Wednesday, June 27, 2007
The Pioneers, Part 2
So, to Australia’s matches at the 1974 World Cup. And first up:
Australia v. East Germany
There must have been plenty of nerves jangling before the start of this game. The two countries were both playing their very first World Cup game (it would be 24 years before another pair of debutants, Croatia and Jamaica, faced each other in their opening group match).
The East Germans were favoured, of course. They had edged past Romania in their European qualifying group, scoring eleven goals in their final three games, and had posted an impressive series of results in pre-tournament friendlies.
Australia’s team was largely an unknown quantity. They had played two warm-up games against Uruguay at home (the latter featuring the notorious “karate chop” incident which ended Ray Baartz’s chances of appearing in Germany), and friendlies against Indonesia and Israel en route to Germany. On the whole, they must have been only slightly less mysterious to the football cognoscenti than the North Koreans of 1966.
Australia took the field in what was supposedly a 4-4-2, but it gave rather the appearance of a 4-5-1, with Branko Buljevic – nominally a striker – dropping back into a virtual left midfield position for much of the time. The East Germans played a fluid 4-3-3. The stadium was barely half-full - the World Cup was far from the marketing and TV bonanza of today.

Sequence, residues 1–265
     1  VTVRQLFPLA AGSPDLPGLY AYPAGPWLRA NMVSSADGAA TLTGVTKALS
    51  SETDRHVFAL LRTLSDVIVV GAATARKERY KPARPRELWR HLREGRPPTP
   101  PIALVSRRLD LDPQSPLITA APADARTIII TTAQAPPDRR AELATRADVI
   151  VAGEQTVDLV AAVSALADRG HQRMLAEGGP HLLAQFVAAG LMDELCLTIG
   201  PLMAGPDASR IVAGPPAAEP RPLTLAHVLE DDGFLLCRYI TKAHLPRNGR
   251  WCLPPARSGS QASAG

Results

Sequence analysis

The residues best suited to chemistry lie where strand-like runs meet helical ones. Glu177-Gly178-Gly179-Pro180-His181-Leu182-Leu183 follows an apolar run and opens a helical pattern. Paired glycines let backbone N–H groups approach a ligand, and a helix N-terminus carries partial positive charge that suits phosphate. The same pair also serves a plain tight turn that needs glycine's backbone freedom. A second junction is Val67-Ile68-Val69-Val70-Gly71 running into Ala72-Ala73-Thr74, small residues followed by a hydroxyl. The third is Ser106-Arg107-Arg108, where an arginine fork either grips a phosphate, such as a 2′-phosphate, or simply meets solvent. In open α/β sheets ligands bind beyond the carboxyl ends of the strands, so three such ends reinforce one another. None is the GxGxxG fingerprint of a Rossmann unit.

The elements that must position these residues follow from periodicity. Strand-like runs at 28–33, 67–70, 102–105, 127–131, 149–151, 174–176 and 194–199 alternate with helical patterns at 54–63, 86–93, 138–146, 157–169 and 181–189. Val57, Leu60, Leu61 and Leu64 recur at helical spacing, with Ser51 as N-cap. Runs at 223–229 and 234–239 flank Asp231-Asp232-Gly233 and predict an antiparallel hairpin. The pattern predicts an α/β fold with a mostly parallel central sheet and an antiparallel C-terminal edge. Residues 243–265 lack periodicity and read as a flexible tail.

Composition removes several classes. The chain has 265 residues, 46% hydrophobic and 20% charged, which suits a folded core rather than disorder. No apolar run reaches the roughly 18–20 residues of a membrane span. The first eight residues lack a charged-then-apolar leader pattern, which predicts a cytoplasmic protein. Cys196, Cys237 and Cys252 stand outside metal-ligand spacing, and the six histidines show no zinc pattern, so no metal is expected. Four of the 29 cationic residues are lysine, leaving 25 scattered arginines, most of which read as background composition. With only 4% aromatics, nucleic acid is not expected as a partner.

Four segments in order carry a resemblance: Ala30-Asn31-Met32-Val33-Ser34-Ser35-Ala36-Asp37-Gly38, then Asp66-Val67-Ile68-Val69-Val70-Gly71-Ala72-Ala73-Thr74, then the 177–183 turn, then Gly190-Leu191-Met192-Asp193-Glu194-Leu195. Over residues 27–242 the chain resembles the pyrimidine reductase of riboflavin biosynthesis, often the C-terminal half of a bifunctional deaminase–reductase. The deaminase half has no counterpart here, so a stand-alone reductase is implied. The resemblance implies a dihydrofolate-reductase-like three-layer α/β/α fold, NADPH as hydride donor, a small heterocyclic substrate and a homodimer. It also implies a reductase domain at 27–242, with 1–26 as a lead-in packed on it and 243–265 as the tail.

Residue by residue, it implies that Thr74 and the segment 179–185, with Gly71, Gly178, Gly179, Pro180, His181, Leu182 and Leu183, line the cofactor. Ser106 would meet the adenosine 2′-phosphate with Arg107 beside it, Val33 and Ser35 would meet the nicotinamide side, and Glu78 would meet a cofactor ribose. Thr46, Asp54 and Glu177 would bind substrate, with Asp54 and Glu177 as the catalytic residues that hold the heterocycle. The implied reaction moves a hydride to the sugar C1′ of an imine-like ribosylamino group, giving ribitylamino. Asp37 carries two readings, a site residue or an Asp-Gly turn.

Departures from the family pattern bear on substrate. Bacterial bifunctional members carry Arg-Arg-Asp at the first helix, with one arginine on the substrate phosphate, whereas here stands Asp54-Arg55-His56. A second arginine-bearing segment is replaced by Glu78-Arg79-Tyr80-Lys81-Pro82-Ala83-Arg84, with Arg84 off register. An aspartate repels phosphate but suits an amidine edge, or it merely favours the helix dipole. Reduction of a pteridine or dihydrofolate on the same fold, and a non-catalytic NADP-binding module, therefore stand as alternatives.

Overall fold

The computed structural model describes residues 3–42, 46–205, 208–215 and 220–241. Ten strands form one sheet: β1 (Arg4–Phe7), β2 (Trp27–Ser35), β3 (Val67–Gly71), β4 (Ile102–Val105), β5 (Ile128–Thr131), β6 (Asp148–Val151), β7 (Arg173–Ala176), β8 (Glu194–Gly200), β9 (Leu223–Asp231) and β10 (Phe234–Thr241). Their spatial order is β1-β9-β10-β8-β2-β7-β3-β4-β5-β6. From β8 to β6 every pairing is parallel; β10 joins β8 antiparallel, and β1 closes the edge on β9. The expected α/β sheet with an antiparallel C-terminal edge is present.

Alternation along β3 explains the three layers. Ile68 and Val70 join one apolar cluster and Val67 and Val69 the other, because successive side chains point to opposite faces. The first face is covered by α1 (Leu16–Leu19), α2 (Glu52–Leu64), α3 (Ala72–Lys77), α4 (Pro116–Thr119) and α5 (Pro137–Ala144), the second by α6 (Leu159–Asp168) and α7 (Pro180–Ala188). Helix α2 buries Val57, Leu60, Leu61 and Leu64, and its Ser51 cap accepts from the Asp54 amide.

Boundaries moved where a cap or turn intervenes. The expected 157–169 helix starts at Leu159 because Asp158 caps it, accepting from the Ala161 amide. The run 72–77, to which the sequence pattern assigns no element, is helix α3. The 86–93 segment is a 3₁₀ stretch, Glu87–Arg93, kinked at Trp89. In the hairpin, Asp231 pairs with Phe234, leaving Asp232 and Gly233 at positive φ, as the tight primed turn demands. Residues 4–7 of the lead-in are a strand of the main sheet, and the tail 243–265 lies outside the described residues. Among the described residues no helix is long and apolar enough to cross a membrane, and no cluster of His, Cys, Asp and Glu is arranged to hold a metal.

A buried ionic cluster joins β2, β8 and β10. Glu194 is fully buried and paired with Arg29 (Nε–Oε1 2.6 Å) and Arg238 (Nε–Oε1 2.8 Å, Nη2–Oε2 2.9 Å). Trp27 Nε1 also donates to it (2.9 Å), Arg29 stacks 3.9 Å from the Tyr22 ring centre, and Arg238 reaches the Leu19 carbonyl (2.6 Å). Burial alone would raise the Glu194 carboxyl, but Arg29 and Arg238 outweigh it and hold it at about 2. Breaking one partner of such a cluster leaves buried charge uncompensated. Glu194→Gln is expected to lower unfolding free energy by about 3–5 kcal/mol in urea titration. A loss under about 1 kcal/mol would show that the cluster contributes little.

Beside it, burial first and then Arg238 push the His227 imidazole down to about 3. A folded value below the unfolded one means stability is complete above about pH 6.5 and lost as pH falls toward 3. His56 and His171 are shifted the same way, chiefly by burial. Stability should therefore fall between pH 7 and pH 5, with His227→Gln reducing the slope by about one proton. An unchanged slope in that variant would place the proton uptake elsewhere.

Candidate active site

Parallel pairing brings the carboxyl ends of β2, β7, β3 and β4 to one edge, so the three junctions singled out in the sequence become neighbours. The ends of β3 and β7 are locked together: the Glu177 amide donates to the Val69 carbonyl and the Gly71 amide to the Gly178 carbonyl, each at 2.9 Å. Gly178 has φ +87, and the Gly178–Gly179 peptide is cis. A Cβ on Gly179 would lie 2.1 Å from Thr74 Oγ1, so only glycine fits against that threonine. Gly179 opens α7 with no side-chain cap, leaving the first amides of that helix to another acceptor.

The opening was tense. Australia had clearly set out to defend resolutely and attack mainly on the break, and indeed they played rather better without the ball than with it in the early stages. Peter Wilson, the central defender and captain, was impressive in his positioning and heading power, but less so in his distribution, especially from free kicks.
Twice in the initial period, Colin Curran broke upfield from left-back to good effect, combining well with the front pairing of Buljevic and Adrian Alston. With Manfred Schaefer alert at the back and Curran’s excursions making Australia an awkward proposition on the break, East Germany didn’t have things all their own way for the opening twenty minutes. A wild long shot from their left-back, Siegmar Wätzlich, was about all they managed.
Sadly, Johnny Warren, playing on the right of midfield, picked up an early injury in a tackle and his effectiveness was greatly limited thereafter. It was surprising, in fact, that Rale Rasic kept him on the field for the entire ninety minutes.